Tags: Roach | Central | Banks | China

Stephen Roach: Central Banks Should Learn From China

Wednesday, 07 March 2012 08:13 AM

Economist Stephen Roach says central banks should learn from China's policies.

"Even after premier Wen Jiabao’s latest warning over a moderate slowing of growth, it is doing a far better job in managing its economy than most give it credit," Roach writes in the Financial Times. "It even offers some lessons in macro policy strategy that the rest of the world should heed."

China, Roach says, is cut from a very different cloth than the advanced economies of the west. Long focused on stability, it is more than willing to accept the short-term costs of a growth sacrifice to keep its development strategy on track.

Nowhere is that more evident than on the inflation front, where Chinese authorities have waged a very successful campaign against what has long been the nation’s most destabilizing economic threat, says Roach.

"After peaking at 6.5 per cent in July 2011, the headline consumer price index (CPI) has decelerated to 4.5 per cent in early 2012, with more disinflation likely in the coming months," he observes.

"This reflects the impacts of three very deliberate policy actions taken by Beijing."

Those policies, Roach says, were managing agricultural bottlenecks, raising required reserve ratios for banks and raising interest rates.

The results were that food inflation peaked at 15 percent in mid-2011, bank loan growth decelerated and underlying inflationary pressures eased significantly.

“This three-pronged approach – in conjunction with a modest acceleration in renminbi currency appreciation – is an important example of China’s increased prowess in macro policy stabilization,” says Roach.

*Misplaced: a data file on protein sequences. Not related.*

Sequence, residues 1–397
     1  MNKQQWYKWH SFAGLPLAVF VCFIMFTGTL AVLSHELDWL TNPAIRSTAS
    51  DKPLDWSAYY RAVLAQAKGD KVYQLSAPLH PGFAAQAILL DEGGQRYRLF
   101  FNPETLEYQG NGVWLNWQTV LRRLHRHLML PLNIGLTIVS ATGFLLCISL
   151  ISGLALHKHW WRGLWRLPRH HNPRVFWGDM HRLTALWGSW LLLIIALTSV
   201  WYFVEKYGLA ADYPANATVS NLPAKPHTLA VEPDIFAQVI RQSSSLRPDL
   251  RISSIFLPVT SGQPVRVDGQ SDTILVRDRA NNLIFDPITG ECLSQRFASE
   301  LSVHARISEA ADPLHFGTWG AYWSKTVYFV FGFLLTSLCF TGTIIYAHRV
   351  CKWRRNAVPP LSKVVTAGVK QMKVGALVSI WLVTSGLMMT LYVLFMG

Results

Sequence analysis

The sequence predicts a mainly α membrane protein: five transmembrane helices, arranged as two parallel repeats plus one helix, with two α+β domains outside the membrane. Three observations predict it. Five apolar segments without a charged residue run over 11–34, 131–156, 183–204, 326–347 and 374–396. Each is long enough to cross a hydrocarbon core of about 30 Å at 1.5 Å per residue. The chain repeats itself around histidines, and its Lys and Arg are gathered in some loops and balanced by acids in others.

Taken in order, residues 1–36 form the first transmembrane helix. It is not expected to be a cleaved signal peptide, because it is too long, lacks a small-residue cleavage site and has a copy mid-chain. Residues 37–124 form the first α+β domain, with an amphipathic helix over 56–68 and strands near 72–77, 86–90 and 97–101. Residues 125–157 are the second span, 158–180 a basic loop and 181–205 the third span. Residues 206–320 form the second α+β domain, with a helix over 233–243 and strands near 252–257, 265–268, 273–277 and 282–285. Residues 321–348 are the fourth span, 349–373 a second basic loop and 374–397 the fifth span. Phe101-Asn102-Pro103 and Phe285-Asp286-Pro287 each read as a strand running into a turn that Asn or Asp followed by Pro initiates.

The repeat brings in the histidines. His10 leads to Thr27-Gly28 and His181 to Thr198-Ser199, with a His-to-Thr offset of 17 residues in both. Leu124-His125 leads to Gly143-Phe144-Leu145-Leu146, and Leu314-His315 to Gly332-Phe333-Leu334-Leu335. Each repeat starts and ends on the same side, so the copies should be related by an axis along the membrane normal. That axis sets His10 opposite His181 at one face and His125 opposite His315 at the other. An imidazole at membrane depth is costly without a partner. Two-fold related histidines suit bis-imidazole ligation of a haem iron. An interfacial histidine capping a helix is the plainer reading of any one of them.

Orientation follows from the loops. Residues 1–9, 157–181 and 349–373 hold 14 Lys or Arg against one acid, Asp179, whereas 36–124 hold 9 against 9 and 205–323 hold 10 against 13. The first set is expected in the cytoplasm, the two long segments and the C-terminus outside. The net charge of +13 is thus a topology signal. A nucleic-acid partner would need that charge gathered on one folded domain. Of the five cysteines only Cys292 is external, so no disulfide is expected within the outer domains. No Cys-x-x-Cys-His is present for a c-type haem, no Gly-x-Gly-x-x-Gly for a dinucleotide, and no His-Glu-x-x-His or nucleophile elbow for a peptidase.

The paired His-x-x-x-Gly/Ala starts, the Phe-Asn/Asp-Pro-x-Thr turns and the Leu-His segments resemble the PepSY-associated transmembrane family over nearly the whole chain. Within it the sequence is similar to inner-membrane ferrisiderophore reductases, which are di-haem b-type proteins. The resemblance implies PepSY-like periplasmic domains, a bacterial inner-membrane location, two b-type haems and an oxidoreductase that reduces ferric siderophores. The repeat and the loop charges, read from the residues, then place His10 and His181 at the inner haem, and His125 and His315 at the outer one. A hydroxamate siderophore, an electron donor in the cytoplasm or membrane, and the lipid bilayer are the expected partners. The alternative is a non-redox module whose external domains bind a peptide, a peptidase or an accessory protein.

By taking its policy rate – the one-year benchmark lending rate – up to the peak headline inflation rate of 6.5 per cent last northern summer, the People’s Bank of China not only ended the excessive accommodation imparted by negative real interest rates but it was then able to orchestrate a “passive” monetary tightening – allowing real short-term interest rates to climb to 2 per cent as administrative actions took food price and headline inflation lower in the second half of 2011.

“This is classic central banking at its best,” Roach says. “China now has plenty of ammunition in its monetary policy arsenal – namely, high required bank reserve ratios and positive real short-term interest rates – to deploy as circumstances dictate.”

“In contrast, the U.S. Federal Reserve, the European Central Bank and the Bank of England are out of traditional ammunition. They have followed the Bank of Japan and taken their short-term policy rates down to the zero bound.”

The Wall Street Journal reports that U.S. stocks fell and commodities tumbled after Federal Reserve Chairman Ben Bernanke took a cautious view of the U.S. recovery but offered few clear signals that the central bank could take additional measures to ease policy.

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